What to know before taking out student loans

Student loan debt in the United States is in the trillions (yes, with a “t”) of dollars. Young adults are saddled with so much debt that it’s affecting their ability to take the next steps in their lives, like getting married, having children, and buying a house. If you’ve already got debt, it’s important to consider repayment options that will allow you to get out from under while still maintaining the ability to have a life. But if you’re still looking at college debt as something that’s happening in the future, you’ve got an opportunity to be smarter about borrowing than many who came before you. Here’s what you should know:

Know private vs. federal loans

Student loans are the largest source of debt in the United States after mortgages. Before you apply for any kind of loan, first understand what you’re getting. Nearly 40 percent of students in a recent poll said they were uncertain of the difference between private and federal loans. The main difference is this: The government funds federal loans while banks supply private ones. With federal loans, borrowers can choose an income-driven repayment plan (if they have difficulty affording their monthly payments) and they also don’t have to start paying back the loan until after they graduate. Federal loans provide fixed interest rates. Meanwhile, private student loans could have fixed or variable rates — and you may have to pay if while you are still in school as interest also piles up on top of the principal amount. And unlike federal loans that have different repayment plans if you are struggling with payments, you’d have to work directly with your lender to come up with a solution. It’s best to max out your ability to borrow with federal loans before dipping into the private market.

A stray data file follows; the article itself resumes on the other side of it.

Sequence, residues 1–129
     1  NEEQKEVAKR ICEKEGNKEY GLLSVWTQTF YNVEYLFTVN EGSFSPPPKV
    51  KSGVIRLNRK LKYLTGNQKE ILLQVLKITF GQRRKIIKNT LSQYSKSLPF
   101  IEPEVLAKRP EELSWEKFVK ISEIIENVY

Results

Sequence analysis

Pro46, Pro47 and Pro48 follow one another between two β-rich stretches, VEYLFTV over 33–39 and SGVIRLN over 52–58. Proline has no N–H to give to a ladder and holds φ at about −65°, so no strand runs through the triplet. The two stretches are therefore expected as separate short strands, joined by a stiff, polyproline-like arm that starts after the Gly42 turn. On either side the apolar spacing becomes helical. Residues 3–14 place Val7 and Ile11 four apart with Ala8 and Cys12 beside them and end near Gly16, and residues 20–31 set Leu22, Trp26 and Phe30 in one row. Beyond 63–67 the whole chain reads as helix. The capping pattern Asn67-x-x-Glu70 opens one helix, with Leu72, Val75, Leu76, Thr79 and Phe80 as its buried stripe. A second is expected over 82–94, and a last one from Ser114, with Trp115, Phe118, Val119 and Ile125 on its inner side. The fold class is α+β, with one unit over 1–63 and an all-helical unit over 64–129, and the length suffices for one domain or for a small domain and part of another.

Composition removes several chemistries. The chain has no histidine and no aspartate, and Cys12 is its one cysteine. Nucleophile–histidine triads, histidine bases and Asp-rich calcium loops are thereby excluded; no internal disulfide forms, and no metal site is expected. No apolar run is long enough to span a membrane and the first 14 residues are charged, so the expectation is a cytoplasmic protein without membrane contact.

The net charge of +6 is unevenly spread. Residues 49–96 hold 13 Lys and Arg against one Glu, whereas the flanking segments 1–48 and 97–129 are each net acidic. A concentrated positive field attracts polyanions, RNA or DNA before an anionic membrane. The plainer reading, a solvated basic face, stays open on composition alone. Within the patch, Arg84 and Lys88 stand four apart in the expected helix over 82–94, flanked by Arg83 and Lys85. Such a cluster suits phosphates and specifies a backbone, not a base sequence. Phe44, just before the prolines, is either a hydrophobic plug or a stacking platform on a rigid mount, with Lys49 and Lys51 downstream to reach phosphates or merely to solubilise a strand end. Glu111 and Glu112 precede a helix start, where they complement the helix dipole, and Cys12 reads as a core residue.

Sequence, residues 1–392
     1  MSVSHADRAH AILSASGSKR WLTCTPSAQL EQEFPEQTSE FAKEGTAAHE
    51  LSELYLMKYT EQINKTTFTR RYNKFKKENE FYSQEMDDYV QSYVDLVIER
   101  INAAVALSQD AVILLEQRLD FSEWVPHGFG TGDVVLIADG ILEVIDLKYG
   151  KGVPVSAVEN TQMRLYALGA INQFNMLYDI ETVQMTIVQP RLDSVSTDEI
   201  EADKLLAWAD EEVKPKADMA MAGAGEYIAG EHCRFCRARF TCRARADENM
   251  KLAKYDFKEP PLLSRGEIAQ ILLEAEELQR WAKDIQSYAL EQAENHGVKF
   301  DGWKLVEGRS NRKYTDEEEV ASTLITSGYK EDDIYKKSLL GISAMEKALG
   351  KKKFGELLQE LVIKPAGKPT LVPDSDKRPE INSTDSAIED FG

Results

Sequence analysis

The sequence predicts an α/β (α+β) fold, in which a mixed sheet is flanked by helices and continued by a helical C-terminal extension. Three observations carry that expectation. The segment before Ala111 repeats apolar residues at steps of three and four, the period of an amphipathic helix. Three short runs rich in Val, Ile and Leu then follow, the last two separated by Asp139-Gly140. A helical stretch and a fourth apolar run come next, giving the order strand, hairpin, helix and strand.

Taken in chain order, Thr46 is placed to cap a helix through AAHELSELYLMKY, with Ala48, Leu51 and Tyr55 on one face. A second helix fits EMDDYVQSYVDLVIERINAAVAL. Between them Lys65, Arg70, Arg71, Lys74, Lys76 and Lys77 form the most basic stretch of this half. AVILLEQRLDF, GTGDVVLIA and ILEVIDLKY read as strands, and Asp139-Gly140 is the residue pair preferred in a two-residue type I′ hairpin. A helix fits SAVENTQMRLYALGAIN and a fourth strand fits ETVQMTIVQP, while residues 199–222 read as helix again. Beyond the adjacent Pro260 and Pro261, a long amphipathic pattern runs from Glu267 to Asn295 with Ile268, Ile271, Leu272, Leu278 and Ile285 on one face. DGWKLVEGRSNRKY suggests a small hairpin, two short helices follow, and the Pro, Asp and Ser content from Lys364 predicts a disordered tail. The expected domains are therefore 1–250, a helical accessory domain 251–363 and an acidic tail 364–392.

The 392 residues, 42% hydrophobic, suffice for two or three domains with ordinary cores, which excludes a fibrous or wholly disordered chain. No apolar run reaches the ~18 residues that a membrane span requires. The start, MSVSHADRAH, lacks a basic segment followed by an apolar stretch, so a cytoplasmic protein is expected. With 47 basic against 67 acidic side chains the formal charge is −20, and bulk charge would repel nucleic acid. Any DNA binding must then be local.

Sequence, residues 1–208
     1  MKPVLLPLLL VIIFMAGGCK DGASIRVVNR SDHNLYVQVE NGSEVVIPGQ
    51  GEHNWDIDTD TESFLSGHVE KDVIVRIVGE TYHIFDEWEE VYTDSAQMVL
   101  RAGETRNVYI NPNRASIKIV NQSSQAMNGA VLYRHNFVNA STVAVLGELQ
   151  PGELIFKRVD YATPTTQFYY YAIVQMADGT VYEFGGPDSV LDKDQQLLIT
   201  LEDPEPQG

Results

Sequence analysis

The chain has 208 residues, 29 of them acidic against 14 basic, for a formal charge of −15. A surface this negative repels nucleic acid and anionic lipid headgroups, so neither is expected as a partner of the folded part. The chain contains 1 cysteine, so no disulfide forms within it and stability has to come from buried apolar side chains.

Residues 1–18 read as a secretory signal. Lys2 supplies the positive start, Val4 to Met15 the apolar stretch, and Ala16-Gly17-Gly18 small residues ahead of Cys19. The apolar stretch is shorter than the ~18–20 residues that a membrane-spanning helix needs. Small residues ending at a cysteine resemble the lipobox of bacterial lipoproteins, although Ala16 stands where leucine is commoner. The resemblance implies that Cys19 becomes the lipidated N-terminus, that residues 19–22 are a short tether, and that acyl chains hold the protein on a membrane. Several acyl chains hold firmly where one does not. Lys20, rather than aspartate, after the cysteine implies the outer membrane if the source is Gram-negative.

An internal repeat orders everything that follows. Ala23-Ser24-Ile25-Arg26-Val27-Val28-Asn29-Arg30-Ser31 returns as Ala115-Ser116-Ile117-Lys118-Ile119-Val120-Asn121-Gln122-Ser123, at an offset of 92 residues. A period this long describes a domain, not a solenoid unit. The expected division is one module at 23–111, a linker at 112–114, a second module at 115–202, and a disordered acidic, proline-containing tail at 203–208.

Know subsidized vs. unsubsidized loans

Another thing all students need to understand is the difference between a subsidized and unsubsidized federal loan. Both may have similar interest rates, so it can be easy to mix them up. Essentially, you don’t have to pay the interest on a subsidized loan while you are enrolled in school at least half-time, also subsidized loans enjoy a six-month grace period for the first six months after you leave school. Unsubsidized federal student loans don’t get these same perks. Also, they don’t require you to prove a financial need to qualify.

Know student loan forgiveness

Student loan forgiveness programs can be beneficial, but don’t base your career and occupation choices on them. These programs are designed to make lower paying careers an option for students who may graduate with significant student debt. Which is why, at least financially speaking, pursuing a job in a higher-paying field is often the better route. The eligibility criteria for these programs is frequently confusing. Typically, workers are required to stick with the same occupation for somewhere between 5 and 25 years to qualify. Unfortunately, the vast majority of folks who apply for Public Service Loan Forgiveness do not end up qualifying. Income-driven repayment forgiveness programs are another option that’s available to federal student loan borrower regardless of whether they are working in public service.

Make a plan

No matter the path you take in pursuing a career and education, it is important to think ahead, do some research, and consult with others who know the ins and outs of college lending and career potential. Remember, college is a brief phase of life and the decisions made in that season can have an impact decades down the road. Be smart, and ensure your earning potential matches your student debt load.


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This (adapted) article by Jean Chatzky (with Hattie Burgher) originally appeared on SavvyMoney blog(Opens in a new Window), and is used by permission.

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